Living the Dream: Kolbe Rose

It was all hands on deck for The Stoney Moose as the company hauled equipment and supplies into the greenhouse shell that will become the company’s grow facility.

Kolbe Rose

Director of Sales

The Stoney Moose

Ketchikan, Alaska

I have always maintained the attitude that the sky is the limit in this industry.

To achieve our goals, I believe that means going vertical and being our own supplier of flower, edibles and concentrates to our retail store and cutting out the need to depend on other producers. Being a key player means playing the whole game and having an outlet for both supply and demand.

I am the director of sales and a shareholder in what started as a very small company in Ketchikan, Alaska, located on the cruise route in the southeastern part of the state. When we first opened our dispensary, The Stoney Moose, it was not much bigger than a closet. We started with three employees; three years later, we have expanded to two floors and have more than doubled our staff. One of the originators and owners of the company branched off and started Stoney Moose Kitchens. This spring we will complete the next step of our vertical integration, Stoney Moose Farms. But man, what a workload!

There’s a reason everyone keeps go-go-going in this industry. From production to purchasing and catching flights around Alaska, clocking thousands and thousands of miles a month, there’s no rest for the wicked. Good thing we love what we do. We run a small crew, so we all pitch in where help is needed. In order to go vertical, we need to work long hours, help each other out and practice patience. The dispensary is my baby, but when it comes to unloading two tons of dirt at our recently purchased farm property, we need all hands on deck. This was a feat, because our cultivation facility happens to be on an island that can only be accessed by boat. We had to procure three boats, heavy lifting help and an ATV to haul all the soil, nutrients, manure, earth worms and other supplies into the greenhouse. Eventually, this remote location will be beneficial for exclusive VIP cannabis tours … but right now we are fortunate to have great people willing to go the extra nautical mile to haul our supplies. It was pouring down rain that day, but we cheerfully unloaded bags and bags of soil, having an assembly line setup from the boat to the ATV to someone hauling it up the muddy hill and finally to the person in the greenhouse.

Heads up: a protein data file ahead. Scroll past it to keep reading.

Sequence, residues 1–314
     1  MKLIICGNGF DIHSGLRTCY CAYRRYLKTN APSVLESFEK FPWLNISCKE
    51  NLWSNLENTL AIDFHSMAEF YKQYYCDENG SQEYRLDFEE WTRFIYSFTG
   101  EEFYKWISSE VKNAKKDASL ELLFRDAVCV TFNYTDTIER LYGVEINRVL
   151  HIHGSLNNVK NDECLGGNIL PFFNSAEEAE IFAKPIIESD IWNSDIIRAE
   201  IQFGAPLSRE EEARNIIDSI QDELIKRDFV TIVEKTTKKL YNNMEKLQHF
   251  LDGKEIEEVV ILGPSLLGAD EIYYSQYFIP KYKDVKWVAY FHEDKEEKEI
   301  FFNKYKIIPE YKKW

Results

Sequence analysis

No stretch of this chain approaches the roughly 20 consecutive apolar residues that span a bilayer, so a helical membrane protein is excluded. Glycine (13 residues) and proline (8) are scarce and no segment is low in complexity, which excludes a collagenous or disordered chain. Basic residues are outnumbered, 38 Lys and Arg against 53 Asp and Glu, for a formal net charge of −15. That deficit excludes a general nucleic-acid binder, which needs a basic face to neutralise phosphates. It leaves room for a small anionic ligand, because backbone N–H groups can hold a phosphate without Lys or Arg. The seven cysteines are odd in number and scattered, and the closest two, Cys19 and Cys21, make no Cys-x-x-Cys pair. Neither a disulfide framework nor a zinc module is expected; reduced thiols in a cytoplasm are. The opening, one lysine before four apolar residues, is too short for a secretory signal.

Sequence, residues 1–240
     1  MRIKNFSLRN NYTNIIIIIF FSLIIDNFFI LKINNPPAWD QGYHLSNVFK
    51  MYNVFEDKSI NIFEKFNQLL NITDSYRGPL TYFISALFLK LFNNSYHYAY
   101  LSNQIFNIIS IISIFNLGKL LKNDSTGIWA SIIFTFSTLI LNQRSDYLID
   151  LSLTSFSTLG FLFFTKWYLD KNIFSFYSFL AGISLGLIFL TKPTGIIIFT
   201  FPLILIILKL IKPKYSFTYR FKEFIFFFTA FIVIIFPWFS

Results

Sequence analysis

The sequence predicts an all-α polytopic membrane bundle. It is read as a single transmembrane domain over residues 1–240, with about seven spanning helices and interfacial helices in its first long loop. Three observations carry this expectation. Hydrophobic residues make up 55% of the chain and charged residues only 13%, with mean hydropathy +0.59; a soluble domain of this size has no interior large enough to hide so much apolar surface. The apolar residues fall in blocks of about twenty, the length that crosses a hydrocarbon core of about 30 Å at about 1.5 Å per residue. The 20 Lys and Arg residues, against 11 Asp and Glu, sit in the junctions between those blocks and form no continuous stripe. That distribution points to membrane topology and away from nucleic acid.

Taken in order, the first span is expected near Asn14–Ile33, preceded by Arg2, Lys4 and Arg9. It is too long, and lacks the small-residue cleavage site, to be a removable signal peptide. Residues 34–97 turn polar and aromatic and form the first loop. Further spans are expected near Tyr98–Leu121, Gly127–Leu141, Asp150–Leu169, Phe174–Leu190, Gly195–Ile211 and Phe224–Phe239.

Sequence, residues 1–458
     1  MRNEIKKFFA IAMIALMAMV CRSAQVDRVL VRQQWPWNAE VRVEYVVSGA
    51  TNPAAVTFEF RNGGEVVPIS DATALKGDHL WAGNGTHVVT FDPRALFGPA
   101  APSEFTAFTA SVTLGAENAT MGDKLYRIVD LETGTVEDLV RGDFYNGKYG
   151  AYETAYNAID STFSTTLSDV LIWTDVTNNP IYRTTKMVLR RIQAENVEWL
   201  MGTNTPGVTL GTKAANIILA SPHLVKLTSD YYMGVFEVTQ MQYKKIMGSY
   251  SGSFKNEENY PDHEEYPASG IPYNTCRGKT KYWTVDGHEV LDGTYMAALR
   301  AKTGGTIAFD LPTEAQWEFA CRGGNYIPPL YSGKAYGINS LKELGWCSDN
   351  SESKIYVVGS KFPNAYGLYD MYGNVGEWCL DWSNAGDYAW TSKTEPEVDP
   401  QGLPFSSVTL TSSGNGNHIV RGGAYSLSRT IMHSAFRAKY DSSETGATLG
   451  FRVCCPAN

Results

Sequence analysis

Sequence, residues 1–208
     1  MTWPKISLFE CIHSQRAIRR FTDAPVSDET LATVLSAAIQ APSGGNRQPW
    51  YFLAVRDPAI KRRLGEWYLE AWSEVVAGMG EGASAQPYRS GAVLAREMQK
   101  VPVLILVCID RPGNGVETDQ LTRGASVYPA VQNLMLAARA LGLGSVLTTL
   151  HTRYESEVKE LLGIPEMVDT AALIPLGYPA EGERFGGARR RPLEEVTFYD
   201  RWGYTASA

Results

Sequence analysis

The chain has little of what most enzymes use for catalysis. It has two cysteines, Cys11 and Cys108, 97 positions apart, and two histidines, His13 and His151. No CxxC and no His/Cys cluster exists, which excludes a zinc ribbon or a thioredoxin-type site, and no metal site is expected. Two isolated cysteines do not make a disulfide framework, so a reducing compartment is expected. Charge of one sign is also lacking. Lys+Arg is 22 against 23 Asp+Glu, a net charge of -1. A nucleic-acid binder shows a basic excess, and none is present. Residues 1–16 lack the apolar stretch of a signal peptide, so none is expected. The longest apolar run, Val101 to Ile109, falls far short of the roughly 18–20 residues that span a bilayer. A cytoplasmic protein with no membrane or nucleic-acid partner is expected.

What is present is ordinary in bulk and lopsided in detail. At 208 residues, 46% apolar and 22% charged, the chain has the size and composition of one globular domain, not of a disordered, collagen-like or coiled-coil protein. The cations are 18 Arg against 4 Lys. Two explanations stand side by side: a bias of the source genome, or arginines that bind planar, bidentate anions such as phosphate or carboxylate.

After our hard, wet day of work, we gathered around and slurped up hot venison chili and homemade cornbread, reflecting on the sheer volume we moved that day and planning the never-ending list of what was next, with a promise of profit and excitement in the air.

The cannabis industry is so full of hard workers, entrepreneurs, visionaries, artists, lawyers and shrewd, savvy business women and men, that the overall stereotype of the lazy stoner is becoming more and more obsolete. I have met some of the hardest working people in my life in this industry. One example is our product developer and kitchen manager, who often works until 3 a.m. packing and manifesting orders. This story is not uncommon; in fact, it is very much the typical workload of someone making it in this industry. We work hard, we smoke weed and we love what we do. We are destroying the lazy stoner stereotype with every all-nighter.

My goal is to fully vertically integrate my company into Alaska’s market. It’s the last frontier, the northern lights on the horizon of the legal cannabis industry, and it is full of promise for cannabis cowboys and cowgirls looking to make their fortune.

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